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Pincus Urges U.S. Jewish Groups Not to Compete with Zionist Movement

January 13, 1966
See Original Daily Bulletin From This Date

Aryeh L. Pincus, chairman of the Jewish Agency executive, called upon all Jewish organizations today to refrain from competing with the Zionist Organization and, instead, “to find areas of practical work for joint efforts.” He made that statement in a report to the current session of the Zionist Actions Committee, the ruling body between sessions of the World Zionist Congress.

The American Jewish Committee, the B’nai B’rith and “a group of Conservative rabbis” were mentioned by Mr. Pincus in his statement regarding organizations that “sometimes denigrate Zionist work.” “Let us compete in filling the emptiness in Jewish life by positive Jewish consciousness; by curing illiteracy in Hebrew; by protecting Jewish rights and values wherever they may be,” he suggested.

He reported that Israel’s agricultural output, which had been valued at $15,000,000 in 1948, had risen to a value of $400,000,000 in 1963. But in immigration to Israel, there has been a drop in 1965 from the high peak reached in the previous four years. Despite the decrease in immigration, he said, it was nevertheless sizeable and costly. Per capita costs, he reported, had risen “for reasons beyond our control.”

The Jewish Agency, he said, must concentrate more strongly on social and cultural absorption of immigrants which, in turn, would result in a greater influx of immigrants from Western countries. Immigration from the West this year, he declared, is expected to reach between 5,000 and 6,000 newcomers, which would be “lower than the average for the previous four years.”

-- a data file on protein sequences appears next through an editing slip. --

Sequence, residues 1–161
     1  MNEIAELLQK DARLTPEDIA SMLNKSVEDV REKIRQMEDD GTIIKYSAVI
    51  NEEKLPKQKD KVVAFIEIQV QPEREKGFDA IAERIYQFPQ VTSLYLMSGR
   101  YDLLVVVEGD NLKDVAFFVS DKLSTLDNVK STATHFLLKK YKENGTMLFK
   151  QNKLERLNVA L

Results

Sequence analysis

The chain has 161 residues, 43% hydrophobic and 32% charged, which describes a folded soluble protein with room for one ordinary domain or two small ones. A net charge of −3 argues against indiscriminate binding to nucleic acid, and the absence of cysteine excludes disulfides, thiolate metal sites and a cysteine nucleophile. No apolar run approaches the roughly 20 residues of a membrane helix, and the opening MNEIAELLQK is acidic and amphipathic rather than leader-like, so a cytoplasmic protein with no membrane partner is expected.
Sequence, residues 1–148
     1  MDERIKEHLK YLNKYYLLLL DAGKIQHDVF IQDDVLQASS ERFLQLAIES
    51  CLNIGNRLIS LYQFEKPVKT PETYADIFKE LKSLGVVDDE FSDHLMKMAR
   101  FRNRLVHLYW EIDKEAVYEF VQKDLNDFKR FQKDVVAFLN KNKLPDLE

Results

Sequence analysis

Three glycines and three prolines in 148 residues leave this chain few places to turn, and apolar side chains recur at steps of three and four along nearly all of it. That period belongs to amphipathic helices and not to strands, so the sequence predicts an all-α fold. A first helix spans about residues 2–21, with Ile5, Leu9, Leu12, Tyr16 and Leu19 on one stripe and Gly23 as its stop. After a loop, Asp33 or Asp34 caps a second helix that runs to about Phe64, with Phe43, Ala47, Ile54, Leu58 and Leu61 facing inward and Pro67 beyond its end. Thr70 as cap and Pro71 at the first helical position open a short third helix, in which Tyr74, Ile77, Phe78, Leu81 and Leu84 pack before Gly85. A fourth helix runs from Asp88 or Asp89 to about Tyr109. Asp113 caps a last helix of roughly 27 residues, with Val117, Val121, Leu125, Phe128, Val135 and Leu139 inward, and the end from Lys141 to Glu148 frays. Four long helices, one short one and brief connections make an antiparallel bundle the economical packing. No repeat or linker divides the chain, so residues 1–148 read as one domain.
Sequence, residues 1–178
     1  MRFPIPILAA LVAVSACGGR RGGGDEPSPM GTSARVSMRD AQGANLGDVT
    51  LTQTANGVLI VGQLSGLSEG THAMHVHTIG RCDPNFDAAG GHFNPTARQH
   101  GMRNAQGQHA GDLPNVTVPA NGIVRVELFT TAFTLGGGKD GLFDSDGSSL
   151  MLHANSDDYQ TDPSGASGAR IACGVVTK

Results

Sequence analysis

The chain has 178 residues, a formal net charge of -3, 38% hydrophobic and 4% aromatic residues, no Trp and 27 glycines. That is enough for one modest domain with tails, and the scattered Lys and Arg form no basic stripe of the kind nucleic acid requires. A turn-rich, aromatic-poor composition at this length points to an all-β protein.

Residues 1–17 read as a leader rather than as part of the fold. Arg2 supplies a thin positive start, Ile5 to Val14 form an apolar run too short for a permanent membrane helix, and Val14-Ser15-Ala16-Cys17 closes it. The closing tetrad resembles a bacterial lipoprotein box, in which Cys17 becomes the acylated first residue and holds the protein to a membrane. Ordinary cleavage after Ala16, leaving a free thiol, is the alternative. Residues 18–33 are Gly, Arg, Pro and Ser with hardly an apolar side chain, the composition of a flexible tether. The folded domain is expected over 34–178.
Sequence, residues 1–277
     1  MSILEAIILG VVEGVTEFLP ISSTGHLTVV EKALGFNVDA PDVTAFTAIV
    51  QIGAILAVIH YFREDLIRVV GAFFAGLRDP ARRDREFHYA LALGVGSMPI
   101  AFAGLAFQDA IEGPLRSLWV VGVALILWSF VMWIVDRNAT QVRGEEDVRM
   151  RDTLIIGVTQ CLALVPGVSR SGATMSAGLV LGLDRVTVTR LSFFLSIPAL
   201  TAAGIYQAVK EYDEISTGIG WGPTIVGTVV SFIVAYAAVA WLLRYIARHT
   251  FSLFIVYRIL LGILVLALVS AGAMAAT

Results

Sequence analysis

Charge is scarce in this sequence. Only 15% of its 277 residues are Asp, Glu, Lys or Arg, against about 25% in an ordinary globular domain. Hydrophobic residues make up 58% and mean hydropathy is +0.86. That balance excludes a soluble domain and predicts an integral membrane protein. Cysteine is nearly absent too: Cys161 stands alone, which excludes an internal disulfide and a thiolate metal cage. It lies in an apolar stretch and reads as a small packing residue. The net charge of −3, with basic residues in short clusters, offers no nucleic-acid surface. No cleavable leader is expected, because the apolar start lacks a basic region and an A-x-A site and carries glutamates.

He reported that, during the last year, committees comprising representatives of the Agency and other Jewish organizations have been established “to cut red tape and duplication, to ease the dealings between immigrants and the Government and Agency officials, and to devise financial assistance schemes.” So far, however, he added, only customs procedures have been streamlined.

The executive chairman said that the Joint Agency-Israel Government Committee faces a vital task in the work with Jews outside Israel. The most vital task ahead, in that area, he declared, involves concentration on intellectuals and other persons in the academic field. “This cannot be done overnight,” he said, “but more and more qualified people from Israel are being sent abroad, while groups from Jewish communities outside Israel are being invited to come here for longer or shorter periods.”

The program of having Jewish students spend more time in Israel, he reported, has drawn 200 young Jews from abroad for a year’s service in Israel. Plans were being worked out with the Hebrew University, he said, for attracting more Jewish students from outside Israel. He concluded his address by stressing “the realities of Jewish life throughout the world.” The Zionist Organization, he said, “must adapt to these realities, which necessitate changes in its structure.”

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